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Barnburner 1234 Alpha at Gate 4B ready to taxi would no doubt be rejoined crisply with, 34 Alpha, information Bravo is current, and the controller will go on about more pressing business, leaving you to find out for yourself what information Bravo is all about. Inbound to a busy airport in solid IFR, theres still time to tune the ATIS frequency and get yourself set for the approach segment of your flight. Granted, doing this requires listening with each ear tuned to a different frequency, and ATC instructions certainly take precedence. But if you start listening to ATIS far enough out, you can pick up portions of the broadcast in between the calls from Center (use the audio switch to cut out ATIS when you hear your call sign on the primary radio), and by the time you are handed off to Approach Control, you should have the complete message. When youre trying to obtain ATIS information as much in advance as possible, altitude always helps (another good reason for flying high whenever you can). Heres another technique you can use to increase reception distance: Open the squelch control, put up with the static for a couple of minutes, and you can often sort out the important parts of an ATIS broadcast much farther away from the terminal than you thought was possible. (The TEST position on a radio with automatic squelch control will produce the same result.) When the terminal weather is very good, so good that its insignificant to instrument pilots, there will likely be no mention of it on the ATIS broadcast, or perhaps the simple statement, Weather is VFR. But when the meteorological situation is changing so rapidly that the controllers cant keep up with it, the ATIS will sometimes contain the words weather will be issued by Approach Control, and you should expect to get the good (or bad) news from that facility at the appropriate time. Good pilot practice calls for you to inform Approach Control or Tower on initial contact that you have received information Foxtrot (or whatever is current). To illustrate, when Center hands you off to Approach Control, the exchange should sound something like this: CENTER: 1234 Alpha, descend to and maintain 5000, contact Bay Approach on one two five point three. YOU: Roger, 1234 Alpha cleared 5000, leaving 8000, Approach on one two five point three. YOU AGAIN: Bay Approach, 1234 Alpha descending 5000, with Foxtrot. And the Bay Approach controller will figure that youre a pilot who knows which end is up.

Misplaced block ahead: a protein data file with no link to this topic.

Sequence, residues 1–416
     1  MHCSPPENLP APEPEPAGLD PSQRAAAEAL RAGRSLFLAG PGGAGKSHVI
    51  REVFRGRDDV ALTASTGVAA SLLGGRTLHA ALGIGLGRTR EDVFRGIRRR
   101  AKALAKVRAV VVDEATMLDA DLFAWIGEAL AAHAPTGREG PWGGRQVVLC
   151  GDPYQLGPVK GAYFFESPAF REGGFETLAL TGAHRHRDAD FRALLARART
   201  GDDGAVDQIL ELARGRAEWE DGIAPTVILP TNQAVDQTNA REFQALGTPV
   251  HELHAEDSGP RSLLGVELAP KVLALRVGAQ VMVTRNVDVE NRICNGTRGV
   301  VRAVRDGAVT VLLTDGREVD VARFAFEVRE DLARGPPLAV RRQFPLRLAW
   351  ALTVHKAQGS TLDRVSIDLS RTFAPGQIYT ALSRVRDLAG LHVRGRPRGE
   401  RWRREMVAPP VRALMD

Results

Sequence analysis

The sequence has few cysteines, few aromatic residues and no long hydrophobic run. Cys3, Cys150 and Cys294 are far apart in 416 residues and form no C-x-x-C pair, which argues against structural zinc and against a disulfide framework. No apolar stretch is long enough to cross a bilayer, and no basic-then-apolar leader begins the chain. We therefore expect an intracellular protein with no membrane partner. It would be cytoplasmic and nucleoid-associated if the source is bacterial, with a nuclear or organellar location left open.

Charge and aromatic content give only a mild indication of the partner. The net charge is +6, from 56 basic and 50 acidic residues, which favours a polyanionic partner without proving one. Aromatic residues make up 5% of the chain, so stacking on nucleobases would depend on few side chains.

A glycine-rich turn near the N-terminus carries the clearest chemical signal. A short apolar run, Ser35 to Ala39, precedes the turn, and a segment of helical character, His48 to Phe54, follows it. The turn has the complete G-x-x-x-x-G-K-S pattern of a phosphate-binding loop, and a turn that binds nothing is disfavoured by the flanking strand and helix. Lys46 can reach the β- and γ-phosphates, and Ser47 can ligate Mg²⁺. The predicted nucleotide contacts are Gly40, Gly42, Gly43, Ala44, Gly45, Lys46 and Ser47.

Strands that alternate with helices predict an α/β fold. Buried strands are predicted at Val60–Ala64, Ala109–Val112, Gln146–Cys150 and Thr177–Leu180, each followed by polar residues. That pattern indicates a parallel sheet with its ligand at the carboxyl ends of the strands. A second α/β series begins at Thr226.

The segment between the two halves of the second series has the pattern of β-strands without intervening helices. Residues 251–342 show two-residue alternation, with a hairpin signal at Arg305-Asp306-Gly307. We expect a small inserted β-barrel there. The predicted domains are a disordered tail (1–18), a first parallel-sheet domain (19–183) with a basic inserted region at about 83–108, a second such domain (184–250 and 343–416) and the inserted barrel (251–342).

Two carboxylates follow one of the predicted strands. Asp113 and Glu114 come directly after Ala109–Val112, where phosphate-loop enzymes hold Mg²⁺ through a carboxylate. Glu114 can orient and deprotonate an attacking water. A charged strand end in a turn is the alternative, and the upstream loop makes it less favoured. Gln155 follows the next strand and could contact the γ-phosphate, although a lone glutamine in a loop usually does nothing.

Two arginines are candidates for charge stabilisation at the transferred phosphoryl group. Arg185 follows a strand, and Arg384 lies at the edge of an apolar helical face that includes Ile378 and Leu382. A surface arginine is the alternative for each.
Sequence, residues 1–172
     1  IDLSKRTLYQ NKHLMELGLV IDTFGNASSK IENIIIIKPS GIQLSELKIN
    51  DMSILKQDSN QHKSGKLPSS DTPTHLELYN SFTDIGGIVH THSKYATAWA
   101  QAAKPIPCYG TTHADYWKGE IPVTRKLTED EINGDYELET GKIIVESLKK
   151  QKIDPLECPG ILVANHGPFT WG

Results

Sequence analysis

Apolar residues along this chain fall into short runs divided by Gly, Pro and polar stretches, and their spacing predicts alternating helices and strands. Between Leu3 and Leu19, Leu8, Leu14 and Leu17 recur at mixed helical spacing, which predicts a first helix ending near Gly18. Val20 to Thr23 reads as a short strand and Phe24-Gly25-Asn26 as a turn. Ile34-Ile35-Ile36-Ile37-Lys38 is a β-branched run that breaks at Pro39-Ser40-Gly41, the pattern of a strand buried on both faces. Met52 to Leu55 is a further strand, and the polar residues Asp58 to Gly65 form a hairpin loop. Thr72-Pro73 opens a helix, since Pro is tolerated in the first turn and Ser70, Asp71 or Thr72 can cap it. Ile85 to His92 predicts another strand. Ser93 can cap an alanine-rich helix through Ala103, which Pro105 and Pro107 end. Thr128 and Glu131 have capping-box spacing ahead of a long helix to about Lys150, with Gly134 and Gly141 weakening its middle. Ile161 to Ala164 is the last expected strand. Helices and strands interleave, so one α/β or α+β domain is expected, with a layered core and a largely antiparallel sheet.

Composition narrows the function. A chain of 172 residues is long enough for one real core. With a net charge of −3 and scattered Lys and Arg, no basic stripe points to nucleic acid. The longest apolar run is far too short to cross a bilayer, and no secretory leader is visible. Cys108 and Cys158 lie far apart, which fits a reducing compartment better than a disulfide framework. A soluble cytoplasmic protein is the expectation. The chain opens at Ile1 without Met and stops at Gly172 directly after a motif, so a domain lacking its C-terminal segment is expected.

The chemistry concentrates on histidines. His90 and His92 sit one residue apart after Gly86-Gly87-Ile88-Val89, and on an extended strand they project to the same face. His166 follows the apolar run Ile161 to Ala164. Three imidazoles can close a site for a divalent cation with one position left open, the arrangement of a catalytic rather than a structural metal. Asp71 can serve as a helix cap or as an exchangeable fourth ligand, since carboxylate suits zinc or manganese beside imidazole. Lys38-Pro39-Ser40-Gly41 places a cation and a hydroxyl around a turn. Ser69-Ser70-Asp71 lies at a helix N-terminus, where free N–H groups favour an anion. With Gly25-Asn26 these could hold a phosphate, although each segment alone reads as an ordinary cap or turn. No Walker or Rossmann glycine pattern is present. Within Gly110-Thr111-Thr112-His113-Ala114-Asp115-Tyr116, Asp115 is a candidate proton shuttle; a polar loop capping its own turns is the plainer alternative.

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Getting Around on the Ground


Proper communications discipline becomes more important as an airport becomes busier and reaches its peak at those terminals equipped with a Clearance Delivery facility. In addition to listening to the ATIS broadcast, youll probably be required to have your IFR clearance before taxi. Besides the obvious rebuff youre going to get if you contact Ground Control without a clearance, consider the unruffled ease with which you can copy when you are sitting calmly on the ramp, nothing competing for your attention except getting the clearance right the first time. If you have a good strong battery (dont try this on a cold day when the brass monkeys are heading south) and notice a long lineup at the departure end of the runway, you might consider switching on and getting your clearance before you even turn a prop blade. In the face of a long delay, this can save a lot of engine ground-run time. When you have filed for a quick turnaround, its possible to get even farther ahead of the system by contacting Clearance Delivery as you taxi in after landing. Whether its Clearance Delivery or Ground Control, you can help them dig your flight plan out of the computer by providing some basic information on the first call: Washington Clearance, Barnburner 1234 Alpha, IFR to Saginaw. Knowing your destination and that youre an IFR flight gives the controller something definite to look for. Ground controllers will set you up by asking, Barnburner 1234 Alpha, I have your clearance, ready to copy? but knowing that you are monitoring the frequency, some Clearance Deliverers will just let er rip, ready or not! The radio suddenly comes alive with, Barnburner 1234 Alpha is cleared as filed to the Saginaw Airport, maintain one zero thousand, etc., etc., etc. Remember that Clearance Delivery is there to relieve congestion, and you shouldnt be on the frequency unless youre ready to copy, so be ready; have your charts spread out to visualize route changes and all the other good practices germane to clearance copying (see Chap. 7, IFR Clearances). Now that you have your clearance and are ready to drive the Barnburner to the other end of the aerodrome for takeoff, you may face a navigation problem that is more complicated than any airborne situation. As airports have grown in size and complexity, the number of taxiways, outerbelts, innerbelts, crossovers, and switchbacks has increased to the point where you are just about ready to concede that there is no way to get to the runway from here! An old adage of the flying business applies here: When in doubt, swallow your pride and